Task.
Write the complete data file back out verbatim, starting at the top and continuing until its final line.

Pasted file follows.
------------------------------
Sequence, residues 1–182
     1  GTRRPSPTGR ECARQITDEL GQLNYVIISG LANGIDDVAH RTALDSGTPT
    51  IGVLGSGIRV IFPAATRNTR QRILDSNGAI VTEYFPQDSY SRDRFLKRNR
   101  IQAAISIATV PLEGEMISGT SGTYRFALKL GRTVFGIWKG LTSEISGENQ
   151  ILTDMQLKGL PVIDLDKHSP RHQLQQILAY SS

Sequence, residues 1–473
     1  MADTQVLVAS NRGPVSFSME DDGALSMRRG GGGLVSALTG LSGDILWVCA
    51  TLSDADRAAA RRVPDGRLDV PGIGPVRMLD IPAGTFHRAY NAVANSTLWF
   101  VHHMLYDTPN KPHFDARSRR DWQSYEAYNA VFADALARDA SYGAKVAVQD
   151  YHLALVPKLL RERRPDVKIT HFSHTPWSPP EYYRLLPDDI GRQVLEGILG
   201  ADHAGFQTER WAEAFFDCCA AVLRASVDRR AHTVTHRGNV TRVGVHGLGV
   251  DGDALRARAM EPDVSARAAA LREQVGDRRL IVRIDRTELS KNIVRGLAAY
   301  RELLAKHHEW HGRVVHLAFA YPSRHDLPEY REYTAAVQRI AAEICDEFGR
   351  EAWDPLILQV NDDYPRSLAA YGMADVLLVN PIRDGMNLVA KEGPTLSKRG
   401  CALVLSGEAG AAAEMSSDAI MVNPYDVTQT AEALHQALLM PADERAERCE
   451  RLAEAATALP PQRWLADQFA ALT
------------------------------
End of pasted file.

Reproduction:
Sequence, residues 1–182
     1  GTRRPSPTGR ECARQITDEL GQLNYVIISG LANGIDDVAH RTALDSGTPT
    51  IGVLGSGIRV IFPAATRNTR QRILDSNGAI VTEYFPQDSY SRDRFLKRNR
   101  IQAAISIATV PLEGEMISGT SGTYRFALKL GRTVFGIWKG LTSEISGENQ
   151  ILTDMQLKGL PVIDLDKHSP RHQLQQILAY SS

Sequence, residues 1–473
     1  MADTQVLVAS NRGPVSFSME DDGALSMRRG GGGLVSALTG LSGDILWVCA
    51  TLSDADRAAA RRVPDGRLDV PGIGPVRMLD IPAGTFHRAY NAVANSTLWF
   101  VHHMLYDTPN KPHFDARSRR DWQSYEAYNA VFADALARDA SYGAKVAVQD
   151  YHLALVPKLL RERRPDVKIT HFSHTPWSPP EYYRLLPDDI GRQVLEGILG
   201  ADHAGFQTER WAEAFFDCCA AVLRASVDRR AHTVTHRGNV TRVGVHGLGV
   251  DGDALRARAM EPDVSARAAA LREQVGDRRL IVRIDRTELS KNIVRGLAAY
   301  RELLAKHHEW HGRVVHLAFA YPSRHDLPEY REYTAAVQRI AAEICDEFGR
   351  EAWDPLILQV NDDYPRSLAA YGMADVLLVN PIRDGMNLVA KEGPTLSKRG
   401  CALVLSGEAG AAAEMSSDAI MVNPYDVTQT AEALHQALLM PADERAERCE
   451  RLAEAATALP PQRWLADQFA ALT